Down and out, down under

Jenny with a koala © Jenny

I spent four months travelling last year, including two months in Australia. It was an incredible experience, but not everything went quite according to plan….

By the time I reached Sydney, I was running very low on money and was growing pretty tired of living out of a bag and sleeping in hostels. I was delighted when an English friend of mine offered to put me up in her flat. Sleeping on her sofa in a proper home with a spotless bathroom was Heaven. But within a day, I’d started to develop a weird rash on my leg, which spread very quickly until I was covered in red welts, as itchy as mosquito bites, but more painful.

I went to the doctor and was diagnosed with contagious scabies, which the doctor said I’d probably picked up in one of the hostels. I knew I was under an obligation to tell my friend. I phoned her to break the news, and it felt like I was like owning up to having an STD; I couldn’t help but feel really ashamed and embarrassed.

She came and met me in the city centre, and there, out on the street, she handed me my belongings, saying she was sorry but I couldn’t stay with her anymore. Marooned on the streets with my bags, searching for somewhere to stay – which was a tricky business – I grew increasingly upset and felt pretty desperate.

I was really short of money and couldn’t afford a hotel, and it was difficult to find a backpackers that had beds available at that time of year. And I was covered from head to toe in bites and was sure that if the hostels suspected anything they would have refused to have me. Although I’ve had worse experiences while travelling, I was nonetheless thousands of miles from home, suffering with a horribly uncomfortable, unsightly and highly contagious skin infestation and feeling that I’d nowhere to turn. It was not fun.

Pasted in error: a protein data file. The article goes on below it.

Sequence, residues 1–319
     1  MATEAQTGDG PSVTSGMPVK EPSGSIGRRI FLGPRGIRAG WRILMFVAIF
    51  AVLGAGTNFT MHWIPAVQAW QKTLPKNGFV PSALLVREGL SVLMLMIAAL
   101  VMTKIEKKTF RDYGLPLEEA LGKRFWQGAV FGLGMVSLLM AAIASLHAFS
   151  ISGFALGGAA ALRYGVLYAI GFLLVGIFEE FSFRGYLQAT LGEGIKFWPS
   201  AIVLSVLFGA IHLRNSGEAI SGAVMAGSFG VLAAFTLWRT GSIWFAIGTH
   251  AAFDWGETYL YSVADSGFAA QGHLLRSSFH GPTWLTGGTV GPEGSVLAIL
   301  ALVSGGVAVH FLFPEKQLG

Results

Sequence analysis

I was walking through the subway under Central Station, when a man selling the Big Issue asked if I would be interested in buying one – to help the homeless. I snapped back, “I AM homeless”… and promptly burst into tears and turned away. Then I felt his hand on my shoulder, and when I looked up, he was looking at me with genuine concern. He asked me what was wrong and I spluttered something about how everything had gone pear-shaped and I had nowhere to stay. At which point, he reached into his pocket and pulled out a twenty dollar bill, and pressed it into my hand.

I was struck dumb by the fact that a homeless man had just tried to give me money. Irony aside, I was very touched by his genuine concern for me. He introduced himself as Bob, and said he knew of a women’s refuge that might put me up. I felt I couldn’t accept the money but he insisted on at least buying me a coffee. We had a sit-down near his pitch outside the station, and chatted for ages about life and its many twists and turns.

He told me, very self-effacingly, about the issues he’d faced in his life that had resulted in him living on the streets or in refuges. It certainly helped me gain perspective on my own situation – which was resolved within a few days, with no serious consequences. It really made me think about the kindness of strangers, and how help can sometimes come from the most unexpected of quarters.

Many people are predisposed to prejudice towards the homeless but it just goes to show you can’t judge a book by its cover.

Written by - Edited by Charlotte Amelines

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